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Why Instagram's New 'Direct' Sharing is a Great Idea for Photo-Happy Travelers

December 12, 2013 at 12:41 PM | by | Comments (0)

Earlier this week, Twitter issued an app update to allow for photos in direct messages. Earlier this year, Snapchat's quick photo-messaging capabilities turned it into one of the fastest spreading social media apps of all time.

Well, today Instagram is set to trounce both, as it unveils a new feature named "Instagram Direct."

Essentially, Instagram Direct is a private photo message function. A new icon appears on the upper right-hand corner of the open Instagram app, and tapping it accesses your Direct inbox. It's here you can review Direct Instagrams sent to you, or tap the "+" to send your own.

Each Instagram Direct photo is processed just like a regular Instagram (cropping, filters, caption), but the next step allows you to specify exactly who will see the image. Send one image to just one person, or share it with a variety of friends.

Below: We snapped a photo of a T-shirt souvenir we'd just bought, to share with some of our Instagram friends. As each addressee opens the image, you receive an alert that it's been viewed. Any comments on the image are also seen by all looped in on the message.

Since Twitter DMing can be clunky and Snapchat has a bad reputation, Instagram Direct may quickly become the leader in private photo sharing. This is especially important for travelers needing to communicate on a group trip, or who want to share an experience without broadcasting it to the whole world.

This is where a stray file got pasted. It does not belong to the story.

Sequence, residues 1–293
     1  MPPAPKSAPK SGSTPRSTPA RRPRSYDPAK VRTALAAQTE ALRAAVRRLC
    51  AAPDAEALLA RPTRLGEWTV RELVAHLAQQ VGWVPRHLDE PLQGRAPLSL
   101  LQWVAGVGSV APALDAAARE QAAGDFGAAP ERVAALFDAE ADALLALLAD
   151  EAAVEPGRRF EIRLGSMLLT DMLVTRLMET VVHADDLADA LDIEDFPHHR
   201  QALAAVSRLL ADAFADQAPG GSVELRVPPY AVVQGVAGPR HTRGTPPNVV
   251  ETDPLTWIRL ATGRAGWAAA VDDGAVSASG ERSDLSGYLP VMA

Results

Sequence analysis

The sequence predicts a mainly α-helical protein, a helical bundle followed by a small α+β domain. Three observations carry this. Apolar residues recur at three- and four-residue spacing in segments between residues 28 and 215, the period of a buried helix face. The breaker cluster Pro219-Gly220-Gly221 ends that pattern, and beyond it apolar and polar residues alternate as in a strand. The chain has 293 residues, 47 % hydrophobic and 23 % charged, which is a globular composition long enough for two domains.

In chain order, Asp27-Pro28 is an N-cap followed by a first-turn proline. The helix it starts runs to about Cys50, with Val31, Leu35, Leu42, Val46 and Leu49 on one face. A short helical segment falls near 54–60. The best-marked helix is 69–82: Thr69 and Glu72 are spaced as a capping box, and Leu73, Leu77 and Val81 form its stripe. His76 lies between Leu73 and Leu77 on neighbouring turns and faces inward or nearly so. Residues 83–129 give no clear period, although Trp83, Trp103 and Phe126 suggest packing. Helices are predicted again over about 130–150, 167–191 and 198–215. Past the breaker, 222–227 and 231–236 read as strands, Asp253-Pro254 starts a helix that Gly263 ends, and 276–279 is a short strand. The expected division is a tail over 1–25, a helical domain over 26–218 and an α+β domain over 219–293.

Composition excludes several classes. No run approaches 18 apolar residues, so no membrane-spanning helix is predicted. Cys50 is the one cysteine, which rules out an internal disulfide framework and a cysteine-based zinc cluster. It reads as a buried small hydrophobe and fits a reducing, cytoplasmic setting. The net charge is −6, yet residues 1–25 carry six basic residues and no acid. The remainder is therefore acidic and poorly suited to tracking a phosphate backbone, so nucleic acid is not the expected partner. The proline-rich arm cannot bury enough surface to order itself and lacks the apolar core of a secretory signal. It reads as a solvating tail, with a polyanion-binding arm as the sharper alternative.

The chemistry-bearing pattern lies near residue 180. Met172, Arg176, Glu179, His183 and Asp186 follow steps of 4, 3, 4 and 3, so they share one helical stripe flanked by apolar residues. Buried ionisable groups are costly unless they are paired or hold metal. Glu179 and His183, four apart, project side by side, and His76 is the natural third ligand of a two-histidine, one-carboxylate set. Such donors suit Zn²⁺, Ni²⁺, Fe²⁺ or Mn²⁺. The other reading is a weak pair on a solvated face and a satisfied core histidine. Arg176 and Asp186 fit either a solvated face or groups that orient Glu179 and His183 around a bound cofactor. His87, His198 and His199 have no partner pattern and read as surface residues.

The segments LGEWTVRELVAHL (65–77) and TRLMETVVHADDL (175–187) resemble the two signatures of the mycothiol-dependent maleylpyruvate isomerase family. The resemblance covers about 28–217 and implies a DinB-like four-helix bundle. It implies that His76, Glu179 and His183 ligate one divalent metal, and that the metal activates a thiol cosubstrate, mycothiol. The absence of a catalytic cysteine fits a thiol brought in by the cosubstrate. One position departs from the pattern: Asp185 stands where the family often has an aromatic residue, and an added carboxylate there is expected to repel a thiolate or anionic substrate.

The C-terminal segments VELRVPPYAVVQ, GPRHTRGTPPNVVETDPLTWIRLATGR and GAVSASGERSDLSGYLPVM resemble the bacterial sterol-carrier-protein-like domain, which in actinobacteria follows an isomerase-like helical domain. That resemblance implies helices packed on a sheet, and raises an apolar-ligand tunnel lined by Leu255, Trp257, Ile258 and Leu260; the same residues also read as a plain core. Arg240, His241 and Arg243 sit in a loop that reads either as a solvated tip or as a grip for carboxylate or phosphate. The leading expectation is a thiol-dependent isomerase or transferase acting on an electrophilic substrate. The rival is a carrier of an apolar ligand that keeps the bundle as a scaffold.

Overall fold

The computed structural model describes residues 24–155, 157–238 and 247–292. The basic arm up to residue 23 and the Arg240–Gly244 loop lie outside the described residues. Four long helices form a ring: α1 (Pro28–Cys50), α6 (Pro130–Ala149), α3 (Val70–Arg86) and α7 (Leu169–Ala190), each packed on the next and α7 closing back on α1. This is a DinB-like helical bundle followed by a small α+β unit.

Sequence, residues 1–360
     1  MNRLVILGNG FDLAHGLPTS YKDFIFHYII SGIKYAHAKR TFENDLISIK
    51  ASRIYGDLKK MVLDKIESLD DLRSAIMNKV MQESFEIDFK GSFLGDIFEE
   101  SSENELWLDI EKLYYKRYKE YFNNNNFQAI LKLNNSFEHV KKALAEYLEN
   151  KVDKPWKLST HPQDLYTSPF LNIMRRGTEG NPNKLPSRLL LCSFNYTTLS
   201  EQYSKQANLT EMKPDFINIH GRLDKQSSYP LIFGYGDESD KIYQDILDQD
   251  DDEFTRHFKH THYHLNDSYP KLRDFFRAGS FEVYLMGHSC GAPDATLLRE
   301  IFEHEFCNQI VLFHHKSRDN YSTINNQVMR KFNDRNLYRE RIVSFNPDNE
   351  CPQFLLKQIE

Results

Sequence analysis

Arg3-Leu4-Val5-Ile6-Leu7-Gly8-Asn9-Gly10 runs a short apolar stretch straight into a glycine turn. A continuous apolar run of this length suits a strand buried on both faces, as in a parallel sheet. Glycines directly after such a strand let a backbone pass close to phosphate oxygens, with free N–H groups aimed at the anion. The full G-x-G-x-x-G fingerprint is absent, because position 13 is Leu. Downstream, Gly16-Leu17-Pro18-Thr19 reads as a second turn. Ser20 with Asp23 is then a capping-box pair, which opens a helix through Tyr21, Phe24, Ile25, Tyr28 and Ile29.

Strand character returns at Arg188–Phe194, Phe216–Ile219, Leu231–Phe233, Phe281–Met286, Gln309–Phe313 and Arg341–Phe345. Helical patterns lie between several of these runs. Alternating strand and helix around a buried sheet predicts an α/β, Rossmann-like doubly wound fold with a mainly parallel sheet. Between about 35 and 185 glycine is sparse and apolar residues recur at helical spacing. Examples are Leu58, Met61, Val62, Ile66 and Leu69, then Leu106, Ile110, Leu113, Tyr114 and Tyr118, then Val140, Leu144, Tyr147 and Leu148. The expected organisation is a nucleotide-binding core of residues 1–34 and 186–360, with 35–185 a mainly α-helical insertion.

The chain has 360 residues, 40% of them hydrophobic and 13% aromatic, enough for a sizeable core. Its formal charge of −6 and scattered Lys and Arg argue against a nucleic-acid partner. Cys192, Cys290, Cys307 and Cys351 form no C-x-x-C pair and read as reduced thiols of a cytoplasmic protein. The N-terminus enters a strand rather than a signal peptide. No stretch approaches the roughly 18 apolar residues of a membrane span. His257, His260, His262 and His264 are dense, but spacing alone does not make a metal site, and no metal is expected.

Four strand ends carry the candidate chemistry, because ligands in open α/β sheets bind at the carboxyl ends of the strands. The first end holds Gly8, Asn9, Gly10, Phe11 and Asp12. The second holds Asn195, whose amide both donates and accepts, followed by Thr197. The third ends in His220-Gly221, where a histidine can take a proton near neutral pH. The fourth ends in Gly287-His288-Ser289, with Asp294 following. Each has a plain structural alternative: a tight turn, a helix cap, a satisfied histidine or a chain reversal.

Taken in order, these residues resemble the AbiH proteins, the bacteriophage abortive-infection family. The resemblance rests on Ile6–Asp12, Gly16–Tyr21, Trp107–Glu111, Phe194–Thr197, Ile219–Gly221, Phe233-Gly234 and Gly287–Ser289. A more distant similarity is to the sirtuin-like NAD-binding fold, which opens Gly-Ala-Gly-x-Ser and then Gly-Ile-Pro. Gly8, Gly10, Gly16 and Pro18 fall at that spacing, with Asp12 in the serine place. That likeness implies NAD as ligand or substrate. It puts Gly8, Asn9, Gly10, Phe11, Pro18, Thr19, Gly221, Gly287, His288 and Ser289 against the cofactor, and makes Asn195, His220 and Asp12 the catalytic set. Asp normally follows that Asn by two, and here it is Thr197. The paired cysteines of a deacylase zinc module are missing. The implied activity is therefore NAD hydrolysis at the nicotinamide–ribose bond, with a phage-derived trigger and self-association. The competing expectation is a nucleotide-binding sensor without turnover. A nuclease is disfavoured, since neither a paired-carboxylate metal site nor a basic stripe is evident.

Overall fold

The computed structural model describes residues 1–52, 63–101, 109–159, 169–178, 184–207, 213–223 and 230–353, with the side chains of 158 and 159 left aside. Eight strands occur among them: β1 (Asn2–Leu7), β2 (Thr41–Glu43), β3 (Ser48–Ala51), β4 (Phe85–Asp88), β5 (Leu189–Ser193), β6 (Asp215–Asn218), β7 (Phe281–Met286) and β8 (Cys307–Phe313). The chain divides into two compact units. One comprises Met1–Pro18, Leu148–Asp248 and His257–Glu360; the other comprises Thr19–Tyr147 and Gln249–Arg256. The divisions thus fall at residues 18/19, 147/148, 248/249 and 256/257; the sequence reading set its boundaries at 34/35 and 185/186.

Example 1: Four friends travel to Rio for Carnevale. On days they aren't experiencing the city together, Instagram Direct photos can serve as a conversation of individual experiences, to discuss later on when they perhaps reunite for dinner.

Example 2: A couple heads to wine tastings in Napa, relying on recommendations from friends. They may choose to share snaps of their favorite wines and vistas by sending Instagram Direct messages only to those friends who've previously been to Napa or have interest in going. This keeps their public feed from being too cutesy, and too annoyingly Napa-braggy.

Example 3: A family vacation with young children means mom and dad can send Instagram Direct messages to just their family members on Instagram, while still utilizing the fun filters and ease of it all.

Just one note of advice: as with any social media service, don't go overboard. Constant messaging gets old quickly, and any extremely sensitive material should be kept wholly private just in case of app flaws. Use common sense, and follow @Jaunted on Instagram, of course.

[Photos: Jaunted]

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